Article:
The Army’s new leaders feel momentum is on their side as America’s foundational force shifts from 18 years of counterinsurgency operations to preparing to face large and growing global threats by creating revolutionary new capabilities.
Secretary of the Army Ryan McCarthy and Chief of Staff Gen. James McConville also expressed a sense of urgency as they guide a transformational change across the force. They see a narrow window to create a new Army intended to leave no doubt that the U.S. Army is the world’s most capable and powerful land force and set the next generation of soldiers on a solid path for growth.
There is no turning back, McCarthy said. “The Army must invest in what we fight with or we risk losing the next war,” he said in a blunt assessment of the future.
“We have built a foundation to shift the Army’s modernization efforts and began the process of replacing the legacy systems that have served us well for the last 40 years,” McCarthy said at October’s Association of the U.S. Army Annual Meeting and Exposition, where he and McConville spoke in their new leadership roles after serving as the undersecretary and vice chief, respectively.
In a warning, McCarthy said, “Our adversaries are investing in tomorrow today, unconstrained by a continuing resolution and singularly focused on shifting the current balance.” His Oct. 14 remarks came as Congress had failed once again to pass a defense funding bill by the Oct. 1 start of the fiscal year, resulting in a delay in executing fiscal year 2020 programs.
“Right this minute, Iran is purchasing and testing weapons systems, from missiles to drones, threatening the surrounding shaky peace in the region,” McCarthy said. “Violent extremist organizations in Afghanistan and Iraq continue to put pressure on the populace, attacking, blending in, reconstituting and then repeating.”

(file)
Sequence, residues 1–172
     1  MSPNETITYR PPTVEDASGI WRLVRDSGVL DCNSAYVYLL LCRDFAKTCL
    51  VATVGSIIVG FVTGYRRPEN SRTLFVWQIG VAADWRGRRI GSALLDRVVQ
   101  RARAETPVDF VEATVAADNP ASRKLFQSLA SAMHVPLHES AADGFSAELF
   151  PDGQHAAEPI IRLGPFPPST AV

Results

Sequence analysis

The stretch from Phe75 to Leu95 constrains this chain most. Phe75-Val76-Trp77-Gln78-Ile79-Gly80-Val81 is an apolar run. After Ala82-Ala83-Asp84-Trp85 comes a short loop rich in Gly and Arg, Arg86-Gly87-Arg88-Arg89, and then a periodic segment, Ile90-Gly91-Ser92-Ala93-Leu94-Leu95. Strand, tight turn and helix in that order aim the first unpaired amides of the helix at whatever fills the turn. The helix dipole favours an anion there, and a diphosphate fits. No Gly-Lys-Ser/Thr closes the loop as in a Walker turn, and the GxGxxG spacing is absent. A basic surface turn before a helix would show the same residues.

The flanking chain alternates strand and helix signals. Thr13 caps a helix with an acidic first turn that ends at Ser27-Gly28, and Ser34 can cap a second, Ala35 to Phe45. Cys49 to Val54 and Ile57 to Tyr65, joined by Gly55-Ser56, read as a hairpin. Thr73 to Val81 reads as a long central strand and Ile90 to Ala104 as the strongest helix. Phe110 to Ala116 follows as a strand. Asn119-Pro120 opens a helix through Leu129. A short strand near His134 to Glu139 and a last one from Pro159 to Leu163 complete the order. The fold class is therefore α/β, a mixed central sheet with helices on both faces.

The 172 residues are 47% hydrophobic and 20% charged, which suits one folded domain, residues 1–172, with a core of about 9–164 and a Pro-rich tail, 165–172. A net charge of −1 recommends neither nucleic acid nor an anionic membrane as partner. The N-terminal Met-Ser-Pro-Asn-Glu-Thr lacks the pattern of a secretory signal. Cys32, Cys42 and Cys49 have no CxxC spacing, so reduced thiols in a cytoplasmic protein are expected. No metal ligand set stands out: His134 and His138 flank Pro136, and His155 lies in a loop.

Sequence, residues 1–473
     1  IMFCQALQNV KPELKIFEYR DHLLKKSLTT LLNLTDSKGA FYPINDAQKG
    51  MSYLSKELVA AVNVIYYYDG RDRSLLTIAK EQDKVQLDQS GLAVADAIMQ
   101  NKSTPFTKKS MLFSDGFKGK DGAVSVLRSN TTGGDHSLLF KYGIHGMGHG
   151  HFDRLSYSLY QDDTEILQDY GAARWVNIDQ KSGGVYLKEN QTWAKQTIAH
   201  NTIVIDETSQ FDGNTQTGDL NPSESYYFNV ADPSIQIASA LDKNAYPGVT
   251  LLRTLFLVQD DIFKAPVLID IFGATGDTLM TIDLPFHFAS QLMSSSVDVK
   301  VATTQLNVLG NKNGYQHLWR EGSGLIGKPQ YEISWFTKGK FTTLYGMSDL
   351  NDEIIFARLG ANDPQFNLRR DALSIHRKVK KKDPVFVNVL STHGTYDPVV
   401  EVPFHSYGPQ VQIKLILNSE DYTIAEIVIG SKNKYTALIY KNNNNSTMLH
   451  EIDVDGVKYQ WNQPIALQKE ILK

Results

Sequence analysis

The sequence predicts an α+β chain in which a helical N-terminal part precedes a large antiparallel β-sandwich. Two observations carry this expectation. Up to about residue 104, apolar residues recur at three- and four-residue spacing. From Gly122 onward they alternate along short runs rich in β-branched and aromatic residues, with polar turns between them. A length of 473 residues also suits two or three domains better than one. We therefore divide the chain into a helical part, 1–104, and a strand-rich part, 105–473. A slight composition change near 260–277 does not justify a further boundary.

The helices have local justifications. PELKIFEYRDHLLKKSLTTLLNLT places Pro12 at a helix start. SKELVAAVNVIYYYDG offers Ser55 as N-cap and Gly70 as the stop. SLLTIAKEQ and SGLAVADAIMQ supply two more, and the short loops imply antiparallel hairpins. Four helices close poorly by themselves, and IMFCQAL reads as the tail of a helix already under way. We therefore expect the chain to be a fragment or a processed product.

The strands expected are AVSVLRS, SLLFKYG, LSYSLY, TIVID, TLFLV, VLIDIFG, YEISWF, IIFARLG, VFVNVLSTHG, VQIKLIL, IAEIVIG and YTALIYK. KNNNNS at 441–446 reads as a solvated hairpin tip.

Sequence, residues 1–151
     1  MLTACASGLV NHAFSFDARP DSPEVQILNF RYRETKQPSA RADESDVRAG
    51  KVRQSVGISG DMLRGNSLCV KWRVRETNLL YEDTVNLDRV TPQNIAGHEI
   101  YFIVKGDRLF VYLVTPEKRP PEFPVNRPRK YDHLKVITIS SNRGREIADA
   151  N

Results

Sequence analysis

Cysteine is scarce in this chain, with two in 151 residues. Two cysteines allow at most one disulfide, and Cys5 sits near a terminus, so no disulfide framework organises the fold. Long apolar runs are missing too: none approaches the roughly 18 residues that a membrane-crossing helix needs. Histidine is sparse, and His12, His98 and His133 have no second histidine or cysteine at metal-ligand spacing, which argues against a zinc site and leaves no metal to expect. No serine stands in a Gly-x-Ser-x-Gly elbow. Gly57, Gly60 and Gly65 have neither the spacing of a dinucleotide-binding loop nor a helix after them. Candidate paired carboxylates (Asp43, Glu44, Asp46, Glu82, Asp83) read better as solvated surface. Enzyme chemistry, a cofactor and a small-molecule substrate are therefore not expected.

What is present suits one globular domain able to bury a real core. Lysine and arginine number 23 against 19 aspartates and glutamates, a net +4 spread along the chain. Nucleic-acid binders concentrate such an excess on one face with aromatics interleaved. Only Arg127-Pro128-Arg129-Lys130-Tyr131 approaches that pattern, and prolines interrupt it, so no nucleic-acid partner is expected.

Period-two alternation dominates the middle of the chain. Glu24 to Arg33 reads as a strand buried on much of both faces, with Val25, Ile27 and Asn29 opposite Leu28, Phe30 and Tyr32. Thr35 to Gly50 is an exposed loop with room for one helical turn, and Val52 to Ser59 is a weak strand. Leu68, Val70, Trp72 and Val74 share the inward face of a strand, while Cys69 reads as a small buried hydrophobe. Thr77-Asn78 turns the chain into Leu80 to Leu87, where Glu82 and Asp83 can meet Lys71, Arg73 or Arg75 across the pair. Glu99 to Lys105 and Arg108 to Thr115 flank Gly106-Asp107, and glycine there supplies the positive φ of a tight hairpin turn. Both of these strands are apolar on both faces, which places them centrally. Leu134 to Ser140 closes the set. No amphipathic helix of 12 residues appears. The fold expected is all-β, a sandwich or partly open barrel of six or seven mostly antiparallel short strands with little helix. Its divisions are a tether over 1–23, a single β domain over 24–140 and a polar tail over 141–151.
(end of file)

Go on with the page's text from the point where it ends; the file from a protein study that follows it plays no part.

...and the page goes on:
McConville said there are many threats. “We live in a time where committed violent extremists threaten the lives of innocent people all around the world. We live in a time where nations in Asia and the Middle East threaten regional stability. And we live in a time of great-power competition where near-peer competitors threaten to disrupt the world order we strive to protect,” he said.
“We’re aggressively pursuing readiness, modernization and reform to make sure we can always fight and win,” McConville said.
Progress has been steady in getting the Army prepared for future conflict, McCarthy said. “We’ve restored readiness across the force with over half of our BCTs at the highest level of readiness,” he said, referring to brigade combat teams. “We will continue to keep these units ready to support combat operations for the foreseeable future.”
The next step is concentrating on strategic readiness, which is the ability to rapidly mobilize and deploy. This ability will be tested this year with Defender-Europe 2020, the largest deployment of U.S.-based land forces to Europe in 25 years, and tested again in 2021 with Defender-Pacific, a similar but slightly smaller effort.
“The last 18 years of conflict built muscle memory in counterinsurgency, tested our leadership and has hardened the force,” McCarthy said. The downside is “with this focus came atrophy in other areas.”
McConville said the Army has “done a great job of restoring tactical readiness over the last several years. Now, we need division and brigade commanders to stay focused on it.” Commanders will have help, McConville promised. “We will resource it, but I need you to build and maintain it,” he said.
The Army’s “Mc-Era” with McCarthy and McConville at the top is one with a strong sense of teamwork. McCarthy called McConville his “wingman for the last two years” who has “been a steady hand in the E Ring for the Army.”
James McAleese, founder and principal partner of a government contract consulting and legal firm, said the two Mc’s are new to their jobs, but they make a strong team. “There is a clear ‘one-team,’ ‘one-voice’ and ‘one set of priorities’ approach between Secretary McCarthy and Gen. McConville,” McAleese said.